3. The populations of the studies differed at the starts of the different trials. In other words, some were healthy participants, some were high-risk patients and some already had cardiovascular disease. The main thing these studies had in common was that cardiovascular disease outcomes were an endpoint, but it did not have to be the primary, or main, endpoint. Thus, cardiovascular disease outcomes may not have been the main thrust of all the studies that made up the meta-analysis.

4. A meta-analysis by definition is difficult to perform because researchers combine results from studies that were designed and performed differently from one another. In this meta-analysis, the authors combine the results of observational trials that may have used different types of fat intake from food or from supplements. Usually, supplements, like fish oil, involve both saturated and unsaturated fats, and they may have different effects than food.

5. Finally, the study does not tell us what those who ate lower saturated and unsaturated fats ate instead. For example, it compared those who ate high saturated fats to those who ate low saturated fats. What did the group who ate lower saturated fat eat instead of fat? Was it carbohydrates? If so, were they fries, whole grains or sweet potatoes?

The Time cover article goes on to mention the Mediterranean diet and its beneficial effects with heart disease. There was a recent randomized controlled study, the gold standard of studies, called the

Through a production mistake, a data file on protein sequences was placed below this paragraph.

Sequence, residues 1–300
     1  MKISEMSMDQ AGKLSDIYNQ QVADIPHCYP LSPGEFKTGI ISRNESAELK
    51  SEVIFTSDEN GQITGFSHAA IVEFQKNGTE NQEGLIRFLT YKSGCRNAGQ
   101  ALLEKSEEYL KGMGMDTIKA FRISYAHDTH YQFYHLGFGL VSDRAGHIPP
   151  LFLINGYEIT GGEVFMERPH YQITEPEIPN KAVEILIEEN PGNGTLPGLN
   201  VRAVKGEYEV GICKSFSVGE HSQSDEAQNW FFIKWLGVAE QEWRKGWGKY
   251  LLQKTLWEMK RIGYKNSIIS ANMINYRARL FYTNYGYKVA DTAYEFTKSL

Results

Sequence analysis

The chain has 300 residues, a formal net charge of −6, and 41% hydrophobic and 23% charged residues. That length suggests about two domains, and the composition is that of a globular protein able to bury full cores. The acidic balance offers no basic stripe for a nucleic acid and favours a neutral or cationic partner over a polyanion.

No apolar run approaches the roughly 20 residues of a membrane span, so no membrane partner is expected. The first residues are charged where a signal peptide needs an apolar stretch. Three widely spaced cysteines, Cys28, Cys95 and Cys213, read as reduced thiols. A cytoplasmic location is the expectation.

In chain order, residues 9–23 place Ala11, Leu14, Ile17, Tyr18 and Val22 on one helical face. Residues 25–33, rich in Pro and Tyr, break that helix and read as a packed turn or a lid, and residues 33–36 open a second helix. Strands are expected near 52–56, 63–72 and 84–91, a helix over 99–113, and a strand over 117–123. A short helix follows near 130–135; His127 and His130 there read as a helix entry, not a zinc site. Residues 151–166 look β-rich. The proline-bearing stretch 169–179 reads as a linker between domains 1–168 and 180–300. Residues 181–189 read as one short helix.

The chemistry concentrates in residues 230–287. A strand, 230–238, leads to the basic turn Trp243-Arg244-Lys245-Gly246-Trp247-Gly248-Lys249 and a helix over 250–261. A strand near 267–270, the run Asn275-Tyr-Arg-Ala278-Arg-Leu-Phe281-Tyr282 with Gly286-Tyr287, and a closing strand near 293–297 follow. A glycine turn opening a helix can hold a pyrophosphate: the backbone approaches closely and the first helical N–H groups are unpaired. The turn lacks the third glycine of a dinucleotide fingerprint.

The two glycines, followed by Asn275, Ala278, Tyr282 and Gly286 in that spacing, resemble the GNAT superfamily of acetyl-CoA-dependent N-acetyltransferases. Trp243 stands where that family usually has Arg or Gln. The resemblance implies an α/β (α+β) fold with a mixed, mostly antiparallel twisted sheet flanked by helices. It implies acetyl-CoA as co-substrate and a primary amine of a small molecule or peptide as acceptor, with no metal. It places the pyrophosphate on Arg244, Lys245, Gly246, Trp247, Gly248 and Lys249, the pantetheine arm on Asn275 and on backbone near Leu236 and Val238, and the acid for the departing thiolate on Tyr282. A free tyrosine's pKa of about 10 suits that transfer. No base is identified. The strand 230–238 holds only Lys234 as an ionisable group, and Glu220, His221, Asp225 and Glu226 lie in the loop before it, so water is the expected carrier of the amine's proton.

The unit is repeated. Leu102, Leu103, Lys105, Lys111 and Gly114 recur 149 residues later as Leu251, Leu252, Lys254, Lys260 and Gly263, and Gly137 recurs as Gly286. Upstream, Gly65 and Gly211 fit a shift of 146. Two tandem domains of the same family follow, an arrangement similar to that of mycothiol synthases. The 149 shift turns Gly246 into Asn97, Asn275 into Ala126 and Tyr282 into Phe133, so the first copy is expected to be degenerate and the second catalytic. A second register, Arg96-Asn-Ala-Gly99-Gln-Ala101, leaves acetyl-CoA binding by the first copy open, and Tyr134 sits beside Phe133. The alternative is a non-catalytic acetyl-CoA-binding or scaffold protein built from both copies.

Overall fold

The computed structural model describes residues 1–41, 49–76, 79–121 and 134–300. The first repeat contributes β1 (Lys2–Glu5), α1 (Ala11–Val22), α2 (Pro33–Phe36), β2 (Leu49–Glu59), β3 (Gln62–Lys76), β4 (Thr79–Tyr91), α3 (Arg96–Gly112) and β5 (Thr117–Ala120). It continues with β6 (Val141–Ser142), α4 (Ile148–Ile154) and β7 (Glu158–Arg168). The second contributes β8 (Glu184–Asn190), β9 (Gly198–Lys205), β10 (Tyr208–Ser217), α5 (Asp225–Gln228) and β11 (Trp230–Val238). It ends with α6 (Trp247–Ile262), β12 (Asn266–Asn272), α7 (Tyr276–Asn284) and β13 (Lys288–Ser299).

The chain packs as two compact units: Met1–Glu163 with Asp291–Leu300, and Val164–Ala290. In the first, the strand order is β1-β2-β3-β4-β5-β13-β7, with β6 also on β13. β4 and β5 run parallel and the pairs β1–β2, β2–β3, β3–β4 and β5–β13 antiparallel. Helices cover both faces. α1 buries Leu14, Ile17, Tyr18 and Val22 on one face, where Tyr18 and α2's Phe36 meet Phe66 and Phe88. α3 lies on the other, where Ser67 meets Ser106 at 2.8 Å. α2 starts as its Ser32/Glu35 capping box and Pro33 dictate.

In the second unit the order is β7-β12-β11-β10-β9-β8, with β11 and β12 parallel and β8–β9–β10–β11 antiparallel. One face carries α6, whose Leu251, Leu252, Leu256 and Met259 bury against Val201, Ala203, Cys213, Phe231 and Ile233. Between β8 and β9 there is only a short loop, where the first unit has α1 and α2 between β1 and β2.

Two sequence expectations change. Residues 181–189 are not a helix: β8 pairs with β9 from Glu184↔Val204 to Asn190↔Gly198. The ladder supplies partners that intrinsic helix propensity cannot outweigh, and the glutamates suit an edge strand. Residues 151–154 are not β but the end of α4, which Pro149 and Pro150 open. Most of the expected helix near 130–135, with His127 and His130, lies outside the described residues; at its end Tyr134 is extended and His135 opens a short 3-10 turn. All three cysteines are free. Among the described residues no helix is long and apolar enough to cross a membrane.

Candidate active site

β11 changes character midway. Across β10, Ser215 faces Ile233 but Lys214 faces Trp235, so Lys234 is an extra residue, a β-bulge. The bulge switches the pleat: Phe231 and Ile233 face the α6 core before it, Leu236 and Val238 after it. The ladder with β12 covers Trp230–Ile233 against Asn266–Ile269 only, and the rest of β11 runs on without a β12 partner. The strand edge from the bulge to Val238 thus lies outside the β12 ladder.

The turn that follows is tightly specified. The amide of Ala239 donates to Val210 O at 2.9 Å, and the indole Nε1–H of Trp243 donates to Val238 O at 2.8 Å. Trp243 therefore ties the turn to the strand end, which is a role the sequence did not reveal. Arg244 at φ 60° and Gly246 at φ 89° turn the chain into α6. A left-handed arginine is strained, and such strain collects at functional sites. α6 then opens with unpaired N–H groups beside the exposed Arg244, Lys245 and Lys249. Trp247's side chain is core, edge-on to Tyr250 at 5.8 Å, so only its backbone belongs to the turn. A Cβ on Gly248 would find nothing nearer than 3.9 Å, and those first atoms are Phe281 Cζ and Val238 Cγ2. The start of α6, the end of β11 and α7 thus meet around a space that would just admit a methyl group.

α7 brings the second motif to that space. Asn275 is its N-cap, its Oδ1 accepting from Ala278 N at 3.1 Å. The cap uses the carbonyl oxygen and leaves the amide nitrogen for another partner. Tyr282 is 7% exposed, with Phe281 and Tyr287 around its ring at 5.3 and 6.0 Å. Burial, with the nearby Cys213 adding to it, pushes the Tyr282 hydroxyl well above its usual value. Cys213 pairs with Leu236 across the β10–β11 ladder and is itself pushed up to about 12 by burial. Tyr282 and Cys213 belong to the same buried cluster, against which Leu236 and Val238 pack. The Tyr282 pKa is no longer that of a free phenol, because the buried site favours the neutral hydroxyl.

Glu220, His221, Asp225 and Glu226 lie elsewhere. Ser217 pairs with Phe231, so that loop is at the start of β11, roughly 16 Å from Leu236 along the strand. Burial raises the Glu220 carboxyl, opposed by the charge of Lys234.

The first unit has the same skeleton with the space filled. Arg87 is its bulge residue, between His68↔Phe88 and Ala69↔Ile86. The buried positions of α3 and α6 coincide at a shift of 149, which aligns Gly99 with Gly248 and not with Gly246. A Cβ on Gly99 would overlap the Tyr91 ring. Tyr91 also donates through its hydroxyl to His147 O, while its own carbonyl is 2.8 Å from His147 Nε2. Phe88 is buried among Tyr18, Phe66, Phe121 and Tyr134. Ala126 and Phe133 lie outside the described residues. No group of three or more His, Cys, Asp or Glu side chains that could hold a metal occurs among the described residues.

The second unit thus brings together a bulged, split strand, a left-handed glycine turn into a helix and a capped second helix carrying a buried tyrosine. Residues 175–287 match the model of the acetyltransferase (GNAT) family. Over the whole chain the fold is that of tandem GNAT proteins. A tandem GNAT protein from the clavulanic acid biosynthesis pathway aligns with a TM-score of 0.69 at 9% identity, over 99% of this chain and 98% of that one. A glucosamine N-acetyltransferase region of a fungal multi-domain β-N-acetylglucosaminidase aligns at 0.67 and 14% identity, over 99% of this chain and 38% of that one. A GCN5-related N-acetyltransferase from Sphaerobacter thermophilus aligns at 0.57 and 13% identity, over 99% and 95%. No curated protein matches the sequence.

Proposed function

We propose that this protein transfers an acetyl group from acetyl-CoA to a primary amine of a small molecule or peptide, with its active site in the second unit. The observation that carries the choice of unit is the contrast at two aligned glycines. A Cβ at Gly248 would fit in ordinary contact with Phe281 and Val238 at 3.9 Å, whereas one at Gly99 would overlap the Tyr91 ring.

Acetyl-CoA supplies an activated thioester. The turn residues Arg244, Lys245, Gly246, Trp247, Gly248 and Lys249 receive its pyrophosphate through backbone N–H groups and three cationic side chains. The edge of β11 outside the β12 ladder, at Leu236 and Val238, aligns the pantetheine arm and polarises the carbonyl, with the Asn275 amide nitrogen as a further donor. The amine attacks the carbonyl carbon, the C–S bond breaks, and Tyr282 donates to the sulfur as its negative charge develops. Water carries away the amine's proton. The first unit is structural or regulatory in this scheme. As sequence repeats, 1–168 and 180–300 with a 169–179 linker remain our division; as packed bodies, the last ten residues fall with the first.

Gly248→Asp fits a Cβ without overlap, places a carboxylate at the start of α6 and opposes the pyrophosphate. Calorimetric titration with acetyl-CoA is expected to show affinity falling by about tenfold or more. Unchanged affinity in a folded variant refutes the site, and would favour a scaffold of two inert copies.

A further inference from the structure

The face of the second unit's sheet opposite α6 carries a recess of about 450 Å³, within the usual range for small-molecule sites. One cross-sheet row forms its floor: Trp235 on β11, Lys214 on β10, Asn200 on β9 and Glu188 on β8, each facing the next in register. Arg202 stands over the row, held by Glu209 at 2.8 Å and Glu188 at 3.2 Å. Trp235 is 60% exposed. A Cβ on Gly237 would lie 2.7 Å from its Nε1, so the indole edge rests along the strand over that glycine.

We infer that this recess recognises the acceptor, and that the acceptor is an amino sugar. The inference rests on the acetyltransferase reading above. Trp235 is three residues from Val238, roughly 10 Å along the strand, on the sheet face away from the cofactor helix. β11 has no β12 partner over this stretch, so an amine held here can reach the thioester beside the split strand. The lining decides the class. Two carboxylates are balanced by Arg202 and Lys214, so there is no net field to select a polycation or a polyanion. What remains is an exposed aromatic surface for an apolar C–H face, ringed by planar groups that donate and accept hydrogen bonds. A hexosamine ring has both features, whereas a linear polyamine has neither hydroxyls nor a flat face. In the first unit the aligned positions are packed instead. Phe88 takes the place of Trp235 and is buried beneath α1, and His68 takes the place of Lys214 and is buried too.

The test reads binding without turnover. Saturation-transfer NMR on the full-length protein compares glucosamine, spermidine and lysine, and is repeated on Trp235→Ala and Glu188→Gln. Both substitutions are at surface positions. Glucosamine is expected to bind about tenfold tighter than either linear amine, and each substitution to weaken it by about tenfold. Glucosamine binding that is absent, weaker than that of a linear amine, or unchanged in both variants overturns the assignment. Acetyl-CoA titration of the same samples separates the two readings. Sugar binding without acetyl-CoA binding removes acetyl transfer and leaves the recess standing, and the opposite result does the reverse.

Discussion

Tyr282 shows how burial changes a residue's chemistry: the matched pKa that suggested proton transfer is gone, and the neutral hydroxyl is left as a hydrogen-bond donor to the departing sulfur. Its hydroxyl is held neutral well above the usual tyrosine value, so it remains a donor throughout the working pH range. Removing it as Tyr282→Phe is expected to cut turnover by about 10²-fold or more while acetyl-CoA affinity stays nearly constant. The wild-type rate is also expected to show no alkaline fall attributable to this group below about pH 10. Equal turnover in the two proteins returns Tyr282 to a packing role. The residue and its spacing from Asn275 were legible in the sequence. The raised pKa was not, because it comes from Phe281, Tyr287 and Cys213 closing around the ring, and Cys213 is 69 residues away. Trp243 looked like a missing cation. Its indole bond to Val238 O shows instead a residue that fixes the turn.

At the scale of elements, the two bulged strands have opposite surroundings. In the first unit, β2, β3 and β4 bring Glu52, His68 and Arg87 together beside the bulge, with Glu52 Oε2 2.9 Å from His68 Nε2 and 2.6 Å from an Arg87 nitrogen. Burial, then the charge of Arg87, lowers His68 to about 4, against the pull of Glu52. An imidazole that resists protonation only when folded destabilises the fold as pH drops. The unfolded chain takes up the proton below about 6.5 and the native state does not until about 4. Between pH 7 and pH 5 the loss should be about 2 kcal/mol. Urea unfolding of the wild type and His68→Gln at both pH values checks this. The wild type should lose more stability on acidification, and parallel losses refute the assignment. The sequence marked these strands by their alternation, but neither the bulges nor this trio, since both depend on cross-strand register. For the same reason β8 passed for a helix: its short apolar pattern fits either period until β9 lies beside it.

PREDIMED trial, with results that showed that participants who ate a Mediterranean diet with added olive oil or mixed nuts had a 30 percent decreased risk of cardiovascular disease than those in the control arm who were advised to follow a “low-fat” diet (3). The Mediterranean diet emphasizes vegetables, fruits, whole intact grains, beans, legumes and fish, as well as olive oil and nuts. This was not a low-fat diet. It contained both saturated and unsaturated fats, including polyunsaturated and monounsaturated fatty acids. The caveat to these results is that the “low-fat” group was not actually able to maintain a low-fat diet, but instead ate more like the standard American diet with no restrictions.

Interestingly, researchers using the same Mediterranean diet study, PREDIMED, showed that higher dietary intake of magnesium reduced the risk of cardiovascular mortality risk by 34 percent (4). They compared those in the highest intake of dietary magnesium with those in the lowest. These participants had a high risk of cardiovascular disease. Foods rich in magnesium include dark green leafy vegetables, such as spinach, as well as nuts, seeds, fish, beans, lentils and avocados.

In conclusion, the sources of fats matter. To run out and eat a cheeseburger, without the bun of course, would be to have misunderstood this article and the flaws in the meta-analysis and to have focused only on the cover of the Time magazine article. The take-home message should be that we need some fats in our diet, but that the sources of these fats are critical. Diet quality is of the utmost importance in reducing disease (5), so put that cheeseburger out of your mind. Many studies have shown that the Mediterranean diet helps reduce the risk of cardiovascular events. For some, this may include the addition of more olive oil and nuts.

References:

(1) Time.com. (2) Ann Intern Med. 2014;160:398-406. (3) N Engl J Med. 2013;368:1279-1290. (4) J Nutr. 2014;144:55-60. (5) Lancet. 2014;383:1999-2007.

Dr. Dunaief is a speaker, author and local lifestyle medicine physician focusing on the integration of medicine, nutrition, fitness and stress management. For further information, go to the website medicalcompassmd.com or consult your personal physician.